The goal of a second stimulus round is the same as the first: To help keep a shaky US economy from crashing. And the pressure is mounting. Last week, the US Bureau of Labor Statistics reported that 38.6 million Americans sought unemployment benefits (PDF) in the past 10 weeks. That number is now up to 42 million people, CBS News reports.
In some states, unemployment has already reached 20%. During a recent Senate hearing, chair of the Federal Reserve Board of Governors Jerome Powell called for additional economic relief. And earlier this month, the International Monetary Fund forecast a deep global recession that could become the worst since the Great Depression.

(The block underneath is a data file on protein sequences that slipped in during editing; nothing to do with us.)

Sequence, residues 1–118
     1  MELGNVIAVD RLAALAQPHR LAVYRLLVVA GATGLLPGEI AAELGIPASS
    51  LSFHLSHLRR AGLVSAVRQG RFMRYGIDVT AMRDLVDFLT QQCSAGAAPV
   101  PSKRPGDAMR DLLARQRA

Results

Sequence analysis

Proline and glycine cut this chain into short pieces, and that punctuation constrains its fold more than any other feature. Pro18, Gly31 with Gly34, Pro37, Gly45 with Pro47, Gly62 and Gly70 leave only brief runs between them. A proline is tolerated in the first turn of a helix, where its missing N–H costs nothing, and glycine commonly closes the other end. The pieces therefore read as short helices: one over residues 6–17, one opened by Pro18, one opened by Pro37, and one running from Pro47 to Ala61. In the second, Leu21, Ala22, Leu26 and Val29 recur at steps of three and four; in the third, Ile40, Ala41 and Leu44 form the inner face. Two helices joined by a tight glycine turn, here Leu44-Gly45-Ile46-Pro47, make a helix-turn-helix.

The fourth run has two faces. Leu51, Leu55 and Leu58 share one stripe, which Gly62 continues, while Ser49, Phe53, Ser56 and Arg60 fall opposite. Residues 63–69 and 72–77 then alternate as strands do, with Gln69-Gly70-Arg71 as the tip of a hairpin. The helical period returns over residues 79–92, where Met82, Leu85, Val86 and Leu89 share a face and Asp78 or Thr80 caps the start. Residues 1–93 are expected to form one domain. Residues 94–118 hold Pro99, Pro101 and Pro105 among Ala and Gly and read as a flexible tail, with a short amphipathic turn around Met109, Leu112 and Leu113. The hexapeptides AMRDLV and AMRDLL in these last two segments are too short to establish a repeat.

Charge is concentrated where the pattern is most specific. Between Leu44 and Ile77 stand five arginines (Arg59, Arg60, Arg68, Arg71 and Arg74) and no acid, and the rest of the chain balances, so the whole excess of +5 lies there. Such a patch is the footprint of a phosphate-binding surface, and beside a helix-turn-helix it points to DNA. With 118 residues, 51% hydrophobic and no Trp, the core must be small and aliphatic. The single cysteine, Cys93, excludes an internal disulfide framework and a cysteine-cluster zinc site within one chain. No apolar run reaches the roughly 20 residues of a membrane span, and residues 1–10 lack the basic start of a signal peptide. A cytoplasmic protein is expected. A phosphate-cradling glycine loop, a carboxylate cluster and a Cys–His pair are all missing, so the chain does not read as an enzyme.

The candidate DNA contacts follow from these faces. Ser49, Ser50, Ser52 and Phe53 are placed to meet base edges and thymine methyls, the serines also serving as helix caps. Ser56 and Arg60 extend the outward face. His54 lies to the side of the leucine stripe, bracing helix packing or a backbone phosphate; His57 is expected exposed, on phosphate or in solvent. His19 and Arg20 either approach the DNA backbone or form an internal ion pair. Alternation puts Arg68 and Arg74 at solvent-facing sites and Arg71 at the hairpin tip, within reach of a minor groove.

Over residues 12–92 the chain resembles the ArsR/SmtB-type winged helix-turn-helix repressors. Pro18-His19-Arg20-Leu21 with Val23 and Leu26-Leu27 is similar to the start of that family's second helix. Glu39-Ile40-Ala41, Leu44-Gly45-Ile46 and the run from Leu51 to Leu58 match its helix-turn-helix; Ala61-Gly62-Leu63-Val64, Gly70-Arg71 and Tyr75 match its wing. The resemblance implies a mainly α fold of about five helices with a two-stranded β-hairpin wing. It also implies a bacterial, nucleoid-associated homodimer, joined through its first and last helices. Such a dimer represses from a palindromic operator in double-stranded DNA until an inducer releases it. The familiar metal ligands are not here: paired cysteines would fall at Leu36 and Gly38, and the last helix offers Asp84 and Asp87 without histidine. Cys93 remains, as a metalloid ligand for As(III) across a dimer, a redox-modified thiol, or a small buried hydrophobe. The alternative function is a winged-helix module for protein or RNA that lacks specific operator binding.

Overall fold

Is the Senate likely to pass the Heroes Act?
The Senate, which is currently in recess for an extended Memorial Day holiday, reportedly departed without putting the Heroes Act on the agenda, so it isn't certain what will happen (more on this below).
The pushback to the Heroes Act is already strong among members of the Republican-controlled Senate. Senate Majority Leader Mitch McConnell has said that the bill wouldn't pass as is.
Possible outcomes include it morphing into a different aid package through bipartisan negotiation. It could also fail, with a new proposal taking its place. Or, it could dissipate altogether until a future proposal appears and the process begins anew.
Heroes Act stimulus check: How much money could you get?
The Heroes Act includes a wide range of benefits, such as a second direct payment to individuals and households of up to $1,200 per family member, according to a fact sheet from the House Appropriations Committee (PDF). Here are some breakdowns.